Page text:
HOBART — Kevin Butler made his first appearance at the Gary Old Timers Athletic Association Annual Banquet in 25 years on Wednesday evening and the former Chicago Bears kicker took some time to look back on how things have evolved since he played in the NFL.
Butler was the guest speaker in 1994 for the 49th annual banquet and he was back at the head table for the 74th annual banquet at the Avalon Manor in Hobart in front of a packed room with nearly 1,000 attendees.
“My words are more educated now,” Butler joked. “I must have said something bad about (former Bears coach Dave) Wannstedt because he cut me the next year.”
Butler joined the Bears as a rookie in 1985 after a decorated collegiate career at Georgia where he eventually became the first kicker inducted into the Collegiate Football Hall of Fame. Butler spent 11 seasons with the Bears, winning the Super Bowl in his first season, before ending his career with the Arizona Cardinals.
“I wish I could’ve officially retired as a member of the Bears,” Butler said. “I called them up and asked, but they said no. In my mind I retired as a Bear.”
Butler talked about a manner of topics on Wednesday night, not the least of which was the famous, and perhaps infamous, Super Bowl XX champions. The Bears defeated the New England Patriots 46-10 behind a dominant defense that is viewed as one of the best in NFL history. Butler scored Chicago’s first six points of the game with a pair of first quarter field goals. Butler eventually scored 14 of Chicago’s 46 points.
“A lot of (my teammates) would be in jail, including me,” Butler said if the 1985 Bears were playing today with the eyes of social media everywhere. “It’s a whole different era. Our team was full of personalities and I think that freaked the NFL out to be honest with you. They got a much tighter grip on their marketing after they saw how big the Bears got. Everyone was bigger than the ‘C’ on the helmet and that’s not a good formula for the NFL.”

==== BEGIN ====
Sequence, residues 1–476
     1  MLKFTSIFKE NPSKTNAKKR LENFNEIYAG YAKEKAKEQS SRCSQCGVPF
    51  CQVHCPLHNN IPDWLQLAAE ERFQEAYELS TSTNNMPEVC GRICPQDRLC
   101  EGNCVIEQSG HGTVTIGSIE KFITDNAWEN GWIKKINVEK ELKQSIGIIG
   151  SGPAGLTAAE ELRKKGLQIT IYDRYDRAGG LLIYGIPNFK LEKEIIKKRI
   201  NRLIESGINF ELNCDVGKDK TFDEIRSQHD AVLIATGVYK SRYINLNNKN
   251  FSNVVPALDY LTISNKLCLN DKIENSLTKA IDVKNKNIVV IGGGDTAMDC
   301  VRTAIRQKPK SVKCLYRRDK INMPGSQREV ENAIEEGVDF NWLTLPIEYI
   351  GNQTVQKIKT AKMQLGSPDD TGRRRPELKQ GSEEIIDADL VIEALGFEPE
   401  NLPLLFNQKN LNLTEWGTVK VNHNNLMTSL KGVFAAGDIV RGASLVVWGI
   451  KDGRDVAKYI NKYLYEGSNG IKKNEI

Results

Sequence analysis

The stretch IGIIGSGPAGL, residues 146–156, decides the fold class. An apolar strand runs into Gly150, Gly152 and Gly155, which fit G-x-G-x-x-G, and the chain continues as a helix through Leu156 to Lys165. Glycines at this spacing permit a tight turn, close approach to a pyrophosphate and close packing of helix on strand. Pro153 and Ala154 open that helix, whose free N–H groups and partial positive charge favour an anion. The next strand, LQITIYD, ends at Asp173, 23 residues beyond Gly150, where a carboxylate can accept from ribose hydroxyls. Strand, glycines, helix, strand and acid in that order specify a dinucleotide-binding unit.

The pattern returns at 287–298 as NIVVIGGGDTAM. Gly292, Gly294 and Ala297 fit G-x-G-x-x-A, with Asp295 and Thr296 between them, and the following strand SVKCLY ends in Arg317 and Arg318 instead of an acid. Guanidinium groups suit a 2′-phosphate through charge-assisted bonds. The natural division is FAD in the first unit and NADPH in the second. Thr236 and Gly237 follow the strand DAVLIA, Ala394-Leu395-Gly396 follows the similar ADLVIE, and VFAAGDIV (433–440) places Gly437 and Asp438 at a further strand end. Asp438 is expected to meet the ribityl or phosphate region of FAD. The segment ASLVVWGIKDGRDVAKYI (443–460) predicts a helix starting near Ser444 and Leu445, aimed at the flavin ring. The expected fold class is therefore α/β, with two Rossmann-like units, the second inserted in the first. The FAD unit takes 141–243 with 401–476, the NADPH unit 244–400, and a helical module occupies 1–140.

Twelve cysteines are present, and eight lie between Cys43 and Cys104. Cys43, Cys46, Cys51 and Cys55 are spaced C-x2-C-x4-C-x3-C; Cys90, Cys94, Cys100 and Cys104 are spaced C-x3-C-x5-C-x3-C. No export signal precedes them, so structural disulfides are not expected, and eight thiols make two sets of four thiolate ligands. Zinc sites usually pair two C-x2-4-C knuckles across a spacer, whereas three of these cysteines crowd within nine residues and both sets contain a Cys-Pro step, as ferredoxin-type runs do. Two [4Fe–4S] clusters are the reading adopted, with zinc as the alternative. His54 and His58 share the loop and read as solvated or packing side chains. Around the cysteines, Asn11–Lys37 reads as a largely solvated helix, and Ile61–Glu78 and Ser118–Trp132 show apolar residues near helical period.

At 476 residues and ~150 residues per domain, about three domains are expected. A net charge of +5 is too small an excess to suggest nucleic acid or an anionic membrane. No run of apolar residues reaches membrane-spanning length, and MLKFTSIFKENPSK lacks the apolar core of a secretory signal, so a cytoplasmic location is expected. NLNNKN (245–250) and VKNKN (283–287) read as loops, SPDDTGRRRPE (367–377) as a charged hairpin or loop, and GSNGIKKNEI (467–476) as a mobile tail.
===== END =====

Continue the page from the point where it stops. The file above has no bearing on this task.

Butler went back and got his degree at Georgia after his playing career finished. He has spent time coaching at his alma mater and also serves as a radio analyst for the Bulldogs.
He continues to follow the Bears and maintains a friendship with former Chicago kicker Robbie Gould. Gould is the one who eventually knocked off Butler as Chicago’s all-time leading scorer, but ironically, it was Cody Parkey who broke Butler’s rookie scoring record of 144 points that stood for 29 years until Parkey scored 150 points with the Philadelphia Eagles in 2014.
Butler slightly empathized with the way Parkey was treated after the now-infamous double doink field goal that ended Chicago’s season last year.
“I don’t know too many kickers who have been treated fair when things go bad,” Butler said. “That’s just part of the game. You get your name on the front of the page when you make the last kick of the game. If you miss it, it comes with the same consequences.”
Butler is intrigued to see what comes of the Bears next season with Khalil Mack and Roquan Smith returning to lead the defense as well as Chicago entering the fourth year of the Mitch Trubisky era.
“The Bears are my team and I keep up with them,” Butler said. “I really believe that quarterbacks deserve four years before you pack them up and send them away. He made some good things happen this year, but overall, probably a C. That’s not going to cut it in the NFL. He’s got some improvements he needs to make.”
The Gary Old Timers Athletic Association honored longtime Crown Point youth baseball director Dave Hanaway as its featured honoree on Wednesday night. Hanaway has been working with youth athletes for 56 years and several of his players have gone on to professional careers, including Joe and Dan Plesac along with their nephew Zach, a pitcher for the Cleveland Indians and Jeff Samardzija, a pitcher for the San Francisco Giants.
“When they first called me about this honor, I thought they were asking for a recommendation for someone else,” Hanaway said. “This is a lifetime achievement award and I’ve been doing this for all my life. I started when I was 15 years old and almost every friend I’ve made over the last 50 years has come from being involved in youth sports.”